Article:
Growing evidence suggests the clinical usefulness of omega (ω)-3 polyunsaturated fatty acids (PUFA) in patients with psychiatric disorders.

In the present review, we summarize the findings of randomized placebo-controlled clinical trials focusing on the potential therapeutic utility of omega-3 PUFA in mental illnesses. We searched the Pubmed databese for placebo-controlled clinical trials utilizing the keywords PUFA, omega 3, eicosapentaenoic acid, docosahexaenoic acid in combination with the following terms: anxiety disorders, autism, attention-deficit hyperactivity disorder (ADHD), personality disorders, and schizophrenia.

The literature review indicated that personality disorders, autism, and anxiety disorders have been less investigated than mood disorder, schizophrenia, and ADHD. While no definite conclusions can be drawn on the therapeutic efficacy of ω-3 PUFA in the majority of psychiatric illnesses examined herein, evidence suggests the potential preventive role of this molecules in subjects at ultra-high risk for developing psychosis.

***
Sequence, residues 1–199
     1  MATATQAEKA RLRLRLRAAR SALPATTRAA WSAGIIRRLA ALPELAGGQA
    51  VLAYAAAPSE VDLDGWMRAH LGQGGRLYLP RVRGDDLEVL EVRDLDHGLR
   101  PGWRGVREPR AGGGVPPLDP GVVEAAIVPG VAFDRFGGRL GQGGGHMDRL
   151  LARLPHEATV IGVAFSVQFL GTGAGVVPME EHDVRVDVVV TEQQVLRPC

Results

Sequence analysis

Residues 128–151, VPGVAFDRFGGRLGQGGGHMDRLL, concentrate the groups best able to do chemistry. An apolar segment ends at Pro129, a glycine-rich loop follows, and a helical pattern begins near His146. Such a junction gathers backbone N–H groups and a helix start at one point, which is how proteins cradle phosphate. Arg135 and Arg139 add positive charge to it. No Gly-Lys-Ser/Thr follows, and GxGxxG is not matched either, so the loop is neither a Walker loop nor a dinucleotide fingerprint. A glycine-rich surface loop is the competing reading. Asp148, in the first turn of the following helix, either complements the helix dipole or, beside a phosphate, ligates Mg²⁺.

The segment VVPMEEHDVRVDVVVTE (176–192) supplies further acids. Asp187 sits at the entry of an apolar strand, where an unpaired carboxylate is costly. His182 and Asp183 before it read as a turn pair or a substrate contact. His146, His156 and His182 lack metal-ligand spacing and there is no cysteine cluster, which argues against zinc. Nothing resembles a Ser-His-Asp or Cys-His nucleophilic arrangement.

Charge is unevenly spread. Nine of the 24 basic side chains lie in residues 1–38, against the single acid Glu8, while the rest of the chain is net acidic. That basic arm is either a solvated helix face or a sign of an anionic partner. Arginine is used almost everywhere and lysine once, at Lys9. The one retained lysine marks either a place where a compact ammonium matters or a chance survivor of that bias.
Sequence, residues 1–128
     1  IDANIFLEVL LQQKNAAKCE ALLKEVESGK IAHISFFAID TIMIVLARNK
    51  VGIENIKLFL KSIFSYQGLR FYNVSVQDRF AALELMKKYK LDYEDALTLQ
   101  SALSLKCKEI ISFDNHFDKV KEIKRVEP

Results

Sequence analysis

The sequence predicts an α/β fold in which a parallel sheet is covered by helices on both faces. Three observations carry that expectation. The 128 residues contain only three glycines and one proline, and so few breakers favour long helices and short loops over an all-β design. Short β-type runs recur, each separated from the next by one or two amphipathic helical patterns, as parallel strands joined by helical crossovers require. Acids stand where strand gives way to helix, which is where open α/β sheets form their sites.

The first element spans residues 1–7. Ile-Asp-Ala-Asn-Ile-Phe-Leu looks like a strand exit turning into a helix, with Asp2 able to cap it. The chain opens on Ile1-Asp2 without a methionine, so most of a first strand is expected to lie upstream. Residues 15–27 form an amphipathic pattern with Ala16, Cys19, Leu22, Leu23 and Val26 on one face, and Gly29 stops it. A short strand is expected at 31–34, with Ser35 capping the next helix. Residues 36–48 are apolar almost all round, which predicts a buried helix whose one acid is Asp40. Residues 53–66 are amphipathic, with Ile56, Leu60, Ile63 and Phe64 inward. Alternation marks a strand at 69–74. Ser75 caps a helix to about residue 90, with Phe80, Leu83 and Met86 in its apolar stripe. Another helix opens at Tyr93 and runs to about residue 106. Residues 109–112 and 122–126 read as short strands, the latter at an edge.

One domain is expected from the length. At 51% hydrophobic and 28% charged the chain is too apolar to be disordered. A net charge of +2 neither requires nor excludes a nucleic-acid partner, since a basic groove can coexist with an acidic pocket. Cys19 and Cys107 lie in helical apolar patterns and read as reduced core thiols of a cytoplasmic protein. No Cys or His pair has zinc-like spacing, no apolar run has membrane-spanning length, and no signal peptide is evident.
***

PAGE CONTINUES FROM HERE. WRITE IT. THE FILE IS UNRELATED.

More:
Hopefully, future studies in the field should examine the turnover of ω-PUFA in the neural membranes. Moreover, special attention should be paid to potential confounders such as dietary or smoking habits.